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Rules of Intestacy

Why does Intestacy happen?

Many people still die without having made a Will or die leaving an invalid Will. When this happens the Intestacy Rules apply and a Grant of Letters of Administration may need to be applied for. An intestate Estate is governed by the Administration of Estates Act 1925.  

So how does it get dealt with?

The person or people who apply for the Grant are referred to as Administrators and as there is no Will to prove their authority to deal with the Estate, their authority to act comes from the Grant itself. The order of priority to act as an Administrator is set out in rule 22 Non-Contentious Probate Rules 1987. The order of priority to act is very strict and once a person has been found with the authority, there is no need to go further down the line. The spouse or civil partner is the first authorised person to act (Under the Civil Partnership Act 2004 a civil partner has the same authority as a surviving spouse). Next in line would be children of the deceased and their issue and then the deceased’s parents.

Is distribution of the Estate the same?

The order of entitlement to an intestate Estate is the same as the order of entitlement to apply for the Grant of Letters of Administration and is set out by section 46 Administration of the Administration of Estates Act 1925. If there is only a surviving spouse or civil partner the administration is fairly simple as the whole Estate will pass to them. However, if the deceased has a child/children, this may not be the case. Can you imagine if the matrimonial home is in the sole name of the deceased and is worth over £250,000?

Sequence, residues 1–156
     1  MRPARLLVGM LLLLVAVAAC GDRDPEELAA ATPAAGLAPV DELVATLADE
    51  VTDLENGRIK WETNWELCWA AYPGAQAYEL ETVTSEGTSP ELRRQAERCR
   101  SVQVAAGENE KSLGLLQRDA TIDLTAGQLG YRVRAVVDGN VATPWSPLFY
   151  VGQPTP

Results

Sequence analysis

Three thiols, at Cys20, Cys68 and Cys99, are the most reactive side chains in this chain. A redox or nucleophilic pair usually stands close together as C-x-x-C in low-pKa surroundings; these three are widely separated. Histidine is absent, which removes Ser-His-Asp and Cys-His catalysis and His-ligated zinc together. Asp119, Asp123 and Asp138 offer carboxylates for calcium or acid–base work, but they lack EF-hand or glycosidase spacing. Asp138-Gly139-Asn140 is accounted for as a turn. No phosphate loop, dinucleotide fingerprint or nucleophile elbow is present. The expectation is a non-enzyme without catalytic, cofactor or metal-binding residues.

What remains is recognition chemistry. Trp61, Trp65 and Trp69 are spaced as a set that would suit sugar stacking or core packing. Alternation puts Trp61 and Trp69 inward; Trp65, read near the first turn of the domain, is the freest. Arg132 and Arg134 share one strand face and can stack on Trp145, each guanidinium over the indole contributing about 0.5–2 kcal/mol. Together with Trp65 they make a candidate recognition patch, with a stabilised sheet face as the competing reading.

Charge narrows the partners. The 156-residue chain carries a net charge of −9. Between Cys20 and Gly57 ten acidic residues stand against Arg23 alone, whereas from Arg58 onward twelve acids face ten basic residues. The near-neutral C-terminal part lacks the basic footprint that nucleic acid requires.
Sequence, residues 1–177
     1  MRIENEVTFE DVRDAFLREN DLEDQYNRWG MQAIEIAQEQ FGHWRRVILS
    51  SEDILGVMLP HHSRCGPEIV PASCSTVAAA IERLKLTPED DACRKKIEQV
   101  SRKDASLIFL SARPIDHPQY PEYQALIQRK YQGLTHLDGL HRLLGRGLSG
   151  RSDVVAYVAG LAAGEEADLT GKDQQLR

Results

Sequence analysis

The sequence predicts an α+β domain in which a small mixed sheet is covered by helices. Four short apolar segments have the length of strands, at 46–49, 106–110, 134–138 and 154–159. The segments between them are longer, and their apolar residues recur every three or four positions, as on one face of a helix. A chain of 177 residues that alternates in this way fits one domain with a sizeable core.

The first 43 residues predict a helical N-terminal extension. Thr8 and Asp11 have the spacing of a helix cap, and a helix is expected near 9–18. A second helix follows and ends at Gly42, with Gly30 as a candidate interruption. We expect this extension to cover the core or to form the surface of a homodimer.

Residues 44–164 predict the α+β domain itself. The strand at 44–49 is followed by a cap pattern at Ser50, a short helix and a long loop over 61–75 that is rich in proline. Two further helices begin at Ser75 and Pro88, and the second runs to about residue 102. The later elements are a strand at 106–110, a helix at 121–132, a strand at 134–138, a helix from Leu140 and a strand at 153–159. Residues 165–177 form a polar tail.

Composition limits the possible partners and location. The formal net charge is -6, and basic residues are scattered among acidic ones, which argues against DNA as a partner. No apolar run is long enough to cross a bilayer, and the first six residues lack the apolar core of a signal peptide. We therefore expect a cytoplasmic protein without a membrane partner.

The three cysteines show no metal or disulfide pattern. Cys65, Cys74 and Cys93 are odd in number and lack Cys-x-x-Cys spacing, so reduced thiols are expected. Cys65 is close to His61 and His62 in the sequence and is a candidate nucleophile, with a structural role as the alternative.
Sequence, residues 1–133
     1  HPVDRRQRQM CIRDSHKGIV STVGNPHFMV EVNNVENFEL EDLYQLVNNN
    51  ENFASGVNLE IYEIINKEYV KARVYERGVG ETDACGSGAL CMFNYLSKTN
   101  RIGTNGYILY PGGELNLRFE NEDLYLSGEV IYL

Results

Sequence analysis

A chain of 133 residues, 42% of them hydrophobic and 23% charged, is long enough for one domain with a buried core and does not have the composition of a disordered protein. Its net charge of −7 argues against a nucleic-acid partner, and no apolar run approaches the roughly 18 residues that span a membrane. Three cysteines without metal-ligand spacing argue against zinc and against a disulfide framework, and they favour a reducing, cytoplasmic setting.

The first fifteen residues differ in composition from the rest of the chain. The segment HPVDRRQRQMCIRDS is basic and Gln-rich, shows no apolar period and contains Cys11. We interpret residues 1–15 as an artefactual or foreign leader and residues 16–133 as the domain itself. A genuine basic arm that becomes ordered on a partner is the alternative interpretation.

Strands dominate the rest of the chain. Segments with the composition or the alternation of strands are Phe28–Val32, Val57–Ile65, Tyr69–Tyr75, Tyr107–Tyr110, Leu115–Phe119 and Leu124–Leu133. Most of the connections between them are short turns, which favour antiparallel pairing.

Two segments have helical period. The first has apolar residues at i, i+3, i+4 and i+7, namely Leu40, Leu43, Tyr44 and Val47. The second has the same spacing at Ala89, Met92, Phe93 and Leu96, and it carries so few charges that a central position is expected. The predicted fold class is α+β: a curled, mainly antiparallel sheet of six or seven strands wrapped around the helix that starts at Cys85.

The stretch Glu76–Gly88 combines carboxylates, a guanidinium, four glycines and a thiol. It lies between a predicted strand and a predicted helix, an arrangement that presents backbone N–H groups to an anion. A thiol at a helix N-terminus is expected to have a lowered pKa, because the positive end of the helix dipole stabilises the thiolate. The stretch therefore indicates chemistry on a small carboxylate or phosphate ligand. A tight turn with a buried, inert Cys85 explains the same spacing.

In this case, the surviving spouse/civil partner will inherit the first £250,000 as a statutory legacy with the remainder being split in half. One half passing to the spouse/civil partner immediately, the other half will pass on statutory trust to provide the spouse with income for life and thereafter to the children. Cohabitees and step children have no entitlement under the rules however they may be able to make a claim.

If there is a surviving spouse/civil partner with no children but parents and brothers and sisters, the surviving spouse/civil partner would inherit the first £450,000 as a statutory legacy, with the remaining half being equally split between the spouse/civil partner and the parents. If the parents have predeceased, this half would be split between brothers and sisters.

If the only living relatives are the children of the brothers and sisters then the entire estate would be divided equally between them.

Can I prevent Intestacy?

As you can see from the strict rules that have to be followed, it is strongly advised to make a Will to allow the testator to set out their own wishes, and ensure that he or she avoids the intestacy rules.

What should I do now?

Call our Wills & Probate team on 01482 323123 or email [email protected]

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Download Ultimate Guide to Wills and Probate Guide

Written By: Bethany Edge

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